Cable-franchise company overpaid city, records show

Intermedia and three other cable-franchise holders overpaid Asheville some $5.2 million since 1967, according to a consultant’s report released last week.

The city’s cable contract requires the franchise holder to pay the city 6 percent of service charges, but for years, parties to the contract have argued about which revenues should be included in calculating those charges.

The discovery of the overpayments comes after years of accusations by activists and media, who have claimed the cable companies underpaid the city. A 1997 audit by consultants Rice, Williams estimated that the city had been underpaid by about a half-million dollars between 1992 and 1995.

However, the recent audit, paid for by former franchise holder Cableview, found the opposite to be true.

“This report clearly shows that the city owes us significant back payments,” said Cableview General Manager Joe Love. “We have billed the city, plus interest.”

Asheville City Council met in closed session last Tuesday to discuss how to respond. That night, a secret videotape of the proceedings was aired on the local public-access channel, showing Council members arguing over whether to hire another consultant to study the two earlier consultants’ studies.

Asheville Vice Mayor Edward Hay said, “Maybe we should have signed that contract renewal when we had the chance.”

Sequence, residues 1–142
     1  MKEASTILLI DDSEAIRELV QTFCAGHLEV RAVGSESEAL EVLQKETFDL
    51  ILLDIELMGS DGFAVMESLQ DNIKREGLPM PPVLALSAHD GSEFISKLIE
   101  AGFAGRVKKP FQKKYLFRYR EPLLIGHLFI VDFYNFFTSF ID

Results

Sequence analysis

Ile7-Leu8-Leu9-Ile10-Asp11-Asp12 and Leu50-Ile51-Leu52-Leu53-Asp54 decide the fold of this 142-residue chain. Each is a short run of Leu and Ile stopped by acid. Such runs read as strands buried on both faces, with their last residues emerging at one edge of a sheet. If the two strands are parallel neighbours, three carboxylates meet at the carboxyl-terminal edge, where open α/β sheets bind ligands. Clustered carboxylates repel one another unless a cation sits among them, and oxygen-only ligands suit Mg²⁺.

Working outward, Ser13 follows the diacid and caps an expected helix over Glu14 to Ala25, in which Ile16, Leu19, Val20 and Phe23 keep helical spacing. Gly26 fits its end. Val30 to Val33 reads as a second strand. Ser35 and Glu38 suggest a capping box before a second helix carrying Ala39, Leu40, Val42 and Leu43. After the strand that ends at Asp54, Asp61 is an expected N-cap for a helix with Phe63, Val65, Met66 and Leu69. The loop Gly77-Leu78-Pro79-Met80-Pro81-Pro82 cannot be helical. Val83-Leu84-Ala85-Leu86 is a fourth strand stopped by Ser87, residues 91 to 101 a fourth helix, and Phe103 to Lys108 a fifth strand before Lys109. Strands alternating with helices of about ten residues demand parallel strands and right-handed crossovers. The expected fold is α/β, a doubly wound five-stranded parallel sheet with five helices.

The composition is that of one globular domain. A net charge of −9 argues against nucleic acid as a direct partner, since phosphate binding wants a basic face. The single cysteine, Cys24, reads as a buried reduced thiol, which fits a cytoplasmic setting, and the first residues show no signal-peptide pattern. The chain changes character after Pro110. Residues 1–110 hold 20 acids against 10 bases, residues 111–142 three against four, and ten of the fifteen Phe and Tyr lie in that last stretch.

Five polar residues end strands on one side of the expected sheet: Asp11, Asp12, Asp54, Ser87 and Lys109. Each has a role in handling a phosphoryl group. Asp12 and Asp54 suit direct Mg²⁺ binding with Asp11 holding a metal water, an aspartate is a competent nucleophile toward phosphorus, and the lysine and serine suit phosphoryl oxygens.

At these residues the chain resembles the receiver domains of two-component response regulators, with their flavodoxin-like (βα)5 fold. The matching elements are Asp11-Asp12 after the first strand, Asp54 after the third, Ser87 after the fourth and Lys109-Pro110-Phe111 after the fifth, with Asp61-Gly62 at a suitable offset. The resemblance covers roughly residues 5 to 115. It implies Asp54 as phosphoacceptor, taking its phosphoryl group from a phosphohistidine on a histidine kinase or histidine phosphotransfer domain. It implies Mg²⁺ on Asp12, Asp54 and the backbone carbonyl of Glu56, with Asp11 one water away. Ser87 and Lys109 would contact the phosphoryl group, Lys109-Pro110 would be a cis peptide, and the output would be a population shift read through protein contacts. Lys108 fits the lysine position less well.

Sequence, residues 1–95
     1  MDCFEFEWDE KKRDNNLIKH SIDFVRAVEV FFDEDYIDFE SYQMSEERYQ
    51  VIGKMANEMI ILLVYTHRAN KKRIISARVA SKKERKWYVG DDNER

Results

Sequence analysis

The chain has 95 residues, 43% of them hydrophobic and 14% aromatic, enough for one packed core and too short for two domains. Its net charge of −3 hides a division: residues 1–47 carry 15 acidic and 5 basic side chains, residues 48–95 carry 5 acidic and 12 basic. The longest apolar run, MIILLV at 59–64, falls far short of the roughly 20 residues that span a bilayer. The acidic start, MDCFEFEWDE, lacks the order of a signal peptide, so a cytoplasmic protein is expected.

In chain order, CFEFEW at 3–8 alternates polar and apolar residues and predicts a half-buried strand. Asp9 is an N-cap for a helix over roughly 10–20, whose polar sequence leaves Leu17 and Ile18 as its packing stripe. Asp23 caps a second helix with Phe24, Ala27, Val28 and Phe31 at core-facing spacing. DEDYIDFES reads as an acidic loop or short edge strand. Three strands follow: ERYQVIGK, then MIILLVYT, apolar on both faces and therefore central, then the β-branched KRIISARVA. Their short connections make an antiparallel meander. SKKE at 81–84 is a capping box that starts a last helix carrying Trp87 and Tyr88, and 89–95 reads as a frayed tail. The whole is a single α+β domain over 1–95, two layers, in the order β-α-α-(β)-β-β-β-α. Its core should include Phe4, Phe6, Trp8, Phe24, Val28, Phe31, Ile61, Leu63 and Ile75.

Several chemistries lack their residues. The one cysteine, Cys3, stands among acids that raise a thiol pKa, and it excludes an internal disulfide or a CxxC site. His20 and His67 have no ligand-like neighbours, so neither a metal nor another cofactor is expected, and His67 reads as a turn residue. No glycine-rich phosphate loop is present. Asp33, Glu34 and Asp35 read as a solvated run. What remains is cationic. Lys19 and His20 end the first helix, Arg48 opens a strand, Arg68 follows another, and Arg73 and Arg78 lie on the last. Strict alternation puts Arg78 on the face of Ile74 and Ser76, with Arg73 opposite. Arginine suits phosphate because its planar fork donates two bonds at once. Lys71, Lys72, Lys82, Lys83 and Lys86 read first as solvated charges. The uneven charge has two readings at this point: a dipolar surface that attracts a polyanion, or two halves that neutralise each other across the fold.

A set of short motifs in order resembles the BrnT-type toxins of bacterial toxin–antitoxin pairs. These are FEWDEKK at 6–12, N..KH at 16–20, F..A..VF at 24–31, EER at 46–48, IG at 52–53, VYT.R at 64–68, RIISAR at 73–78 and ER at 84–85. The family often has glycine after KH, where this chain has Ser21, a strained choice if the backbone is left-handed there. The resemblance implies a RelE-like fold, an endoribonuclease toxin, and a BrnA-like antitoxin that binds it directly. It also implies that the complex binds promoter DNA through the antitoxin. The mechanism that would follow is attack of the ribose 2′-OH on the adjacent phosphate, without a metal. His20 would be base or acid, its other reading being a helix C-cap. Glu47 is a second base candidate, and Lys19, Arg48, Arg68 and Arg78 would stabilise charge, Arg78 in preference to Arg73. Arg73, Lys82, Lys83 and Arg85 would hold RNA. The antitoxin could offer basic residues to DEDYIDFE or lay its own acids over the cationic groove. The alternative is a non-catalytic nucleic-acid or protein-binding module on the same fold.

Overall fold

The previous City Council had deadlocked several light years ago over whether to renew the contract.

Mayor Leni Sitnick said Council members felt violated by the airing of the secret videotape. “I’m all for open government, but I don’t want Big Brother looking over my shoulder all the time,” she complained.

Love said Cableview decided to air the tape in the public interest. “It was clearly an authentic tape, and clearly something the public had a right to know about,” he argued.

The tape shows several Council members expressing concern that the city won’t be able to come up with the $5.2 million.

Love said Cableview is willing to allow alternate payment plans. “We can raise cable rates, the city can forgo its 6 percent, or we can just black out subscribers’ sets until next April 1,” he said. “We’re easy.”

For the video version of this story, tune in to Channel 10 at 9 p.m. on April 1.

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